Pope Francis and his predecessor, Benedict XVI, have issued an unusual collaborative document in which they restate the Roman Catholic Church's opposition to same-sex marriage.
The 82-page encyclical, issued today, says marriage should be a "stable union of man and woman." It continues, "This union is born of their love, as a sign and presence of God's own love, and of the acknowledgement and acceptance of the goodness of sexual differentiation." Encyclicals are documents written by popes for circulation to Catholic clergy members.
The encyclical, which also deals with other topics, appears to be the first one written by two popes, although it bears only Francis's signature. "Francis paid tribute to pope emeritus Benedict XVI in the encyclical, saying that the ex-pontiff had 'almost completed' the text before stepping down in a historic resignation this year and that he himself had merely added 'further contributions,'" reports Agence France-Presse. Benedict was the first pope to resign voluntarily in 700 years.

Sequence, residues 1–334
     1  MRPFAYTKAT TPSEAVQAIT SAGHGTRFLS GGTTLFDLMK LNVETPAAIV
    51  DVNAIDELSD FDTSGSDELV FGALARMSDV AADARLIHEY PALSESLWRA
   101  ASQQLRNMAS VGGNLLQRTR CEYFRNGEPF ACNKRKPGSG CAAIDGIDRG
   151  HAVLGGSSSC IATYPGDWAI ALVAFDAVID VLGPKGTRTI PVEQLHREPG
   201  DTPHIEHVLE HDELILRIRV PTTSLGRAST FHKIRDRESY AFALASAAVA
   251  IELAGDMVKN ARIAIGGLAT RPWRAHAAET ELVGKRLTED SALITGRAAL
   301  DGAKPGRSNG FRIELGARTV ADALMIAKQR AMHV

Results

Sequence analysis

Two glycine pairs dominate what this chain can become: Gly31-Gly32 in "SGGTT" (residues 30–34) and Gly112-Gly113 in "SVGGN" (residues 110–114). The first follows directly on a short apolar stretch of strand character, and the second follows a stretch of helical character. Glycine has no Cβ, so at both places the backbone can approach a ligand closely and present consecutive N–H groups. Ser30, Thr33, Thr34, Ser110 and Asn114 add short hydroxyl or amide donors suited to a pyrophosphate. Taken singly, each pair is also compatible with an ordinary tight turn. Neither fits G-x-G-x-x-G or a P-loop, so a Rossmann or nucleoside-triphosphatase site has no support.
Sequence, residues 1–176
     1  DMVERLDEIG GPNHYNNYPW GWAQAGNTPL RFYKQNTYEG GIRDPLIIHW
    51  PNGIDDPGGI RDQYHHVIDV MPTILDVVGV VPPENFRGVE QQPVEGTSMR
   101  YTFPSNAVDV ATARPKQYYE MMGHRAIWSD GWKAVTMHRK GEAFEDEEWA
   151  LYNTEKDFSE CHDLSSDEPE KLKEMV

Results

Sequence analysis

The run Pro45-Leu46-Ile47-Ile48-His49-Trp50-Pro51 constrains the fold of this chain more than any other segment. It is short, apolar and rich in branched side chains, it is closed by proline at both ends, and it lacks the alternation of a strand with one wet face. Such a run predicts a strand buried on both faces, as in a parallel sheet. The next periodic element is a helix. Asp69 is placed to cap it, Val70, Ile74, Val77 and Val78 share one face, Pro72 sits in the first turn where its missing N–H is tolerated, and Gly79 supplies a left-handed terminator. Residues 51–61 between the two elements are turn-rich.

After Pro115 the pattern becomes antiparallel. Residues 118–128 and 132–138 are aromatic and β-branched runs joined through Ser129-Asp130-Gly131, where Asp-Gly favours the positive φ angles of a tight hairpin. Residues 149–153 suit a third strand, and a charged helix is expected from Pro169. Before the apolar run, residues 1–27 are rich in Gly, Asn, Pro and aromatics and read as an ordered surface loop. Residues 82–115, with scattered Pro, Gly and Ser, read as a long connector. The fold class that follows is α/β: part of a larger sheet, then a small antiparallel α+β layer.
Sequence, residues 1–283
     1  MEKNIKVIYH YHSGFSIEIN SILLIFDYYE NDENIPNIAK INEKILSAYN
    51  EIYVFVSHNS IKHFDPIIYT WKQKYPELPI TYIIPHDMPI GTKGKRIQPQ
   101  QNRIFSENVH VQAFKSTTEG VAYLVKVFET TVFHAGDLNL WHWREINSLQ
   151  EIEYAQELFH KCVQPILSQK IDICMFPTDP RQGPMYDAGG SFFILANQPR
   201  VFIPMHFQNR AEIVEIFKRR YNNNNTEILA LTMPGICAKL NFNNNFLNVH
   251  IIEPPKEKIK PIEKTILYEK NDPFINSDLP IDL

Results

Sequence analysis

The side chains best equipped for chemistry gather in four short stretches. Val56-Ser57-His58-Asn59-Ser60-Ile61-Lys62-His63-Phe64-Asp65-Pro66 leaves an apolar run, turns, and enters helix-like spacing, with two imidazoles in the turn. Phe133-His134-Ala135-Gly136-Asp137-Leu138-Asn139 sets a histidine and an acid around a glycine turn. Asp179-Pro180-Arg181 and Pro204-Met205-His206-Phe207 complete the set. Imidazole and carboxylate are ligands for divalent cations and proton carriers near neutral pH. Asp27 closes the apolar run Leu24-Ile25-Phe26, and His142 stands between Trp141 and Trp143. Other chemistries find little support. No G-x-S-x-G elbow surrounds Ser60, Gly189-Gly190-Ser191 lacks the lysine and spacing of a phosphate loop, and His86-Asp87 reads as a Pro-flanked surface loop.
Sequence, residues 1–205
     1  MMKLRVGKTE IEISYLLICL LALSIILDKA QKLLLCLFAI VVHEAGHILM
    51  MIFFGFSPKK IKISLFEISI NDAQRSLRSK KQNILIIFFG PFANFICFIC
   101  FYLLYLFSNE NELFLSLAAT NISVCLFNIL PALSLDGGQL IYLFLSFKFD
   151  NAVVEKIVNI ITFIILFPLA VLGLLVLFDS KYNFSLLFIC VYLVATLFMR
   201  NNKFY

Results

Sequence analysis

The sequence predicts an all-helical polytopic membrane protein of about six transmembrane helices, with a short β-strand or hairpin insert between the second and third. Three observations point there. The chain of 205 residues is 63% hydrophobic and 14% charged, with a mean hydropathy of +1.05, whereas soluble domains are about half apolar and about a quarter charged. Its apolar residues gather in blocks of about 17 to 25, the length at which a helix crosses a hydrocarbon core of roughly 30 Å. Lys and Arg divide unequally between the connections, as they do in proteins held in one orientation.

Among the other subjects in the encyclical, Francis and Benedict call for dialogue by Catholics with nonbelievers and members of other religions, emphasize that there is no conflict between faith and science, and say that faith does not "serve solely to build an eternal city in the hereafter, it helps us build our societies."